Fundraising is essential for many startups, but the types of fundraising methods are limited. The traditional methods are bootstrapping, convertible notes, simple agreements for future-equity (SAFEs), and priced equity rounds. We have guided many founders through fundraising.
Equity crowdfunding is a newer option. Crowdfunding is meant to allow founders to accept small investments from a broad base of investors. True crowdfunding was not previously feasible: securities laws – intended to protect investors (discussed below) – made it difficult for companies to accept investments from investors not meeting certain financial requirements, a.k.a. “non-accredited investors” (discussed below).
In 2013, the Securities and Exchange Commission (SEC) proposed its first set of rules governing equity crowdfunding. However, equity crowdfunding has not been as popular as proponents had hoped. The cost of complying with the SEC’s restrictions often outweighed the capital a founder could raise through crowdfunding. (See our original posts about the proposed rules in 2014 and their efficacy.)
The SEC’s mission is to protect investors. It does so by imposing significant disclosure requirements on companies that wish to offer securities through public markets (i.e., stock exchanges), and by restricting access to private offerings to investors able to bear the risks of those investments.
The SEC can enforce its rules through fines and penalties, which can pierce through the corporate shield and reach a founder’s personal assets. (We recommend that you ask an attorney for assistance with fundraising efforts to ensure that your fundraising efforts comply with securities laws.)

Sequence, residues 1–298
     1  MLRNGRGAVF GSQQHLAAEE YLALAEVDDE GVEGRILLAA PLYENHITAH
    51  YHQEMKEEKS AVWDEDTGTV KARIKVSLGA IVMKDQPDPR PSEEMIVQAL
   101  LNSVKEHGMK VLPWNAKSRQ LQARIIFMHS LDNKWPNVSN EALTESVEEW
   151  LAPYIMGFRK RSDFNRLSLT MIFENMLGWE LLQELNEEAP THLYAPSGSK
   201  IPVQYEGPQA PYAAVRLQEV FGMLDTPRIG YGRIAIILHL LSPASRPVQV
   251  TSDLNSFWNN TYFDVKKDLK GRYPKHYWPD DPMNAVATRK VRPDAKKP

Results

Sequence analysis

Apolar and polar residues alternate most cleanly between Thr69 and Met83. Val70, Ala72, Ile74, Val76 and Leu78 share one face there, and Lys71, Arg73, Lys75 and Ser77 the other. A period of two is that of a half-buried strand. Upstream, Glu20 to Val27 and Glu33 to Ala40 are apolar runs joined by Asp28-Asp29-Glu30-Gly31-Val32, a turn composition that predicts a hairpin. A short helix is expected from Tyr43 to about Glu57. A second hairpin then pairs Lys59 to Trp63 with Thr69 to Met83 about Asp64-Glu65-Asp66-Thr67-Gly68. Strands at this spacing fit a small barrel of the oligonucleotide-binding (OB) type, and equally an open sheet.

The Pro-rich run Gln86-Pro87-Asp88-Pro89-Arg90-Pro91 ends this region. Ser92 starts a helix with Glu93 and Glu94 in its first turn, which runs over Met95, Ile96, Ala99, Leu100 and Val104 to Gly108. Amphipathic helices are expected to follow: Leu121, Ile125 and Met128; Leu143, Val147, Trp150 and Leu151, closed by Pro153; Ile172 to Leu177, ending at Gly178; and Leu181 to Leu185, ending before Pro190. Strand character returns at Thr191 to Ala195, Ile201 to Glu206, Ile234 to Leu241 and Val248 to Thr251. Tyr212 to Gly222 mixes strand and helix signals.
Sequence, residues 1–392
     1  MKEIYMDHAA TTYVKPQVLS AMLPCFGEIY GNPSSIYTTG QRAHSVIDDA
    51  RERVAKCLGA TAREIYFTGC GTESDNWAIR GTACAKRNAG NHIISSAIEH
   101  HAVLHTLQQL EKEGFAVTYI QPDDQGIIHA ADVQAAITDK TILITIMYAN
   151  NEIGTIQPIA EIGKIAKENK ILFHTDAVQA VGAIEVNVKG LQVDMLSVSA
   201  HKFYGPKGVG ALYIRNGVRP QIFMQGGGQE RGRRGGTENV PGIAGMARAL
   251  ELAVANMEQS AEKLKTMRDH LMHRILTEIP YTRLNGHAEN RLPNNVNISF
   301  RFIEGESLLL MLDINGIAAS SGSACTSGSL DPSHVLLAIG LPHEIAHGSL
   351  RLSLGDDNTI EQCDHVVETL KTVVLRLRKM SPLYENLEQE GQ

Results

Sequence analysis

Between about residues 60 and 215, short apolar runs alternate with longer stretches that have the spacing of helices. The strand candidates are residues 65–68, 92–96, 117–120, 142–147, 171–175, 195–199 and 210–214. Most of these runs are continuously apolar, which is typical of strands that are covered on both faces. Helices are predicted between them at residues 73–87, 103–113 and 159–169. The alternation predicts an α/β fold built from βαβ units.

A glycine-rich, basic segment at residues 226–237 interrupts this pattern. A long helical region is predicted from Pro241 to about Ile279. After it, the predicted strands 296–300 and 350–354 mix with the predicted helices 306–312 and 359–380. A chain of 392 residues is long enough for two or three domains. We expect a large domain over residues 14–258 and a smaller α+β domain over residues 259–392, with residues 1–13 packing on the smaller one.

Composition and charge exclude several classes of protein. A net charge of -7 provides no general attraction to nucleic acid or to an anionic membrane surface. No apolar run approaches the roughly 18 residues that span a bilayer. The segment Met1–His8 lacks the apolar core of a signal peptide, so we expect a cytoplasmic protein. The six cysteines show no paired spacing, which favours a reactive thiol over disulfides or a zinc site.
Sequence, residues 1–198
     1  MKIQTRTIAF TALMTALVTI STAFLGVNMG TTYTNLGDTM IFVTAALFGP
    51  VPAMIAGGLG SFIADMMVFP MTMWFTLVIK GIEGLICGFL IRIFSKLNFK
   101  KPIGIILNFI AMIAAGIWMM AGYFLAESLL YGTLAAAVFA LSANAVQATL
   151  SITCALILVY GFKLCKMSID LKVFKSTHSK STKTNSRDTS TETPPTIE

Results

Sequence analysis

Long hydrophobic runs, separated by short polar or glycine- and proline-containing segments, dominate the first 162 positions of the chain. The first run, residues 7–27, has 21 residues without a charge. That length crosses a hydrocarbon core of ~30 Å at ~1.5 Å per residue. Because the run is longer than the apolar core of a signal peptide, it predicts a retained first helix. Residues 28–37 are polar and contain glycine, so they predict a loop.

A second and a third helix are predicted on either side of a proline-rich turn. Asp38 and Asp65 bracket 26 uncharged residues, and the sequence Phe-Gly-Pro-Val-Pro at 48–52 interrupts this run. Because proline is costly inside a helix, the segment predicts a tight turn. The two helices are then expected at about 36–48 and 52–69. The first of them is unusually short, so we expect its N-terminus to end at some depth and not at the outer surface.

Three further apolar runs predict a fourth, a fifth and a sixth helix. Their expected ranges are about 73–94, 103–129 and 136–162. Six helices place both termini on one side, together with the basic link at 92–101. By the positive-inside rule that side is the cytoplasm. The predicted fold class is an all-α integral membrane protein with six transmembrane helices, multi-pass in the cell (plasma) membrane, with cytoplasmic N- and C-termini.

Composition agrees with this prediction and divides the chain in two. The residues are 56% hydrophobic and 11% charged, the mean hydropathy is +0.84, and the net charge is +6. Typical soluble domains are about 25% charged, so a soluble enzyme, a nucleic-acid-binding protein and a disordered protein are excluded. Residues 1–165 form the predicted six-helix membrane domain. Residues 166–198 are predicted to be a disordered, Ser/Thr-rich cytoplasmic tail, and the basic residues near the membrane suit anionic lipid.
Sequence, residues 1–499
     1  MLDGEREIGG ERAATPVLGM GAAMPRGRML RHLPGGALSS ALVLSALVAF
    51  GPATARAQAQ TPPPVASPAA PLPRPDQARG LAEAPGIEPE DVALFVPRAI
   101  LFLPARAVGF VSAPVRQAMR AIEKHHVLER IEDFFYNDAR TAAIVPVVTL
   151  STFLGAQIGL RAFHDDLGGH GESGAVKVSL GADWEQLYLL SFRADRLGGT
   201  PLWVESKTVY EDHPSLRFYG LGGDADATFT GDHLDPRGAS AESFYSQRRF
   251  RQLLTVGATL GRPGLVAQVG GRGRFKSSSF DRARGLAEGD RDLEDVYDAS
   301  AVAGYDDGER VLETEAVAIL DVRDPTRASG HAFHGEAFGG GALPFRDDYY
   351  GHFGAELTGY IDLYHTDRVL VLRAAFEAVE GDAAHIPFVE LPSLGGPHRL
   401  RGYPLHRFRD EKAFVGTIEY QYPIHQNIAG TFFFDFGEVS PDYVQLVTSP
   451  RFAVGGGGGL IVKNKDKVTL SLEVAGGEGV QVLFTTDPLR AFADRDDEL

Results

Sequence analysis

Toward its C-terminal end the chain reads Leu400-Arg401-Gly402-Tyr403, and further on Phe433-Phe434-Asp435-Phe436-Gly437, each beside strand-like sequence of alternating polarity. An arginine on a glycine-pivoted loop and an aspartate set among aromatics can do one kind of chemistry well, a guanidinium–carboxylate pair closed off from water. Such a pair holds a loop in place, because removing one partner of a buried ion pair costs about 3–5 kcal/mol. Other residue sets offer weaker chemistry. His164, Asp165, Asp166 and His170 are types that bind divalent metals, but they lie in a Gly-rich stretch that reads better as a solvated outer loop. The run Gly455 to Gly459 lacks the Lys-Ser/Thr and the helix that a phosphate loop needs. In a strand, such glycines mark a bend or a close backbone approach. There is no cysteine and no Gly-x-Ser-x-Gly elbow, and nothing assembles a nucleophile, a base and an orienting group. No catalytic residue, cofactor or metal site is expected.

What is crowdfunding?
There are two types of crowdfunding for businesses: rewards-based crowdfunding and equity crowdfunding.
With rewards-based crowdfunding, a business creates a campaign (e.g., Kickstarter, Indiegogo) seeking contributions in exchange for rewards (often including preferential access to the final product). If the business’ announced funding goal is met, the business receives the funds and is then responsible for delivering on its campaign promises.
Equity crowdfunding focuses on investors instead of contributors. Regular people invest small amounts of money in exchange for a small stake in a company. These investors usually interact with the company through a representative.
Can non-accredited investors participate in equity crowdfunding?
What recent amendments did the SEC make to Regulation CF?
The SEC has scaled back the compliance burdens associated with equity crowdfunding. Investors now have greater freedom to invest, and private companies (startups in particular) have greater latitude with fundraising. The amendments took effect on March 15, 2021. Here are the key points:
Increase in offering limit The offering limit for non-accredited investors has been increased from $1.07 million over any 12-month period to $5 million, which may shift the cost-benefit analysis when companies are considering equity crowdfunding.
Regulation CF no longer limits how much an accredited investor can invest. (This makes equity crowdfunding more closely resemble traditional private investments under Regulation D.)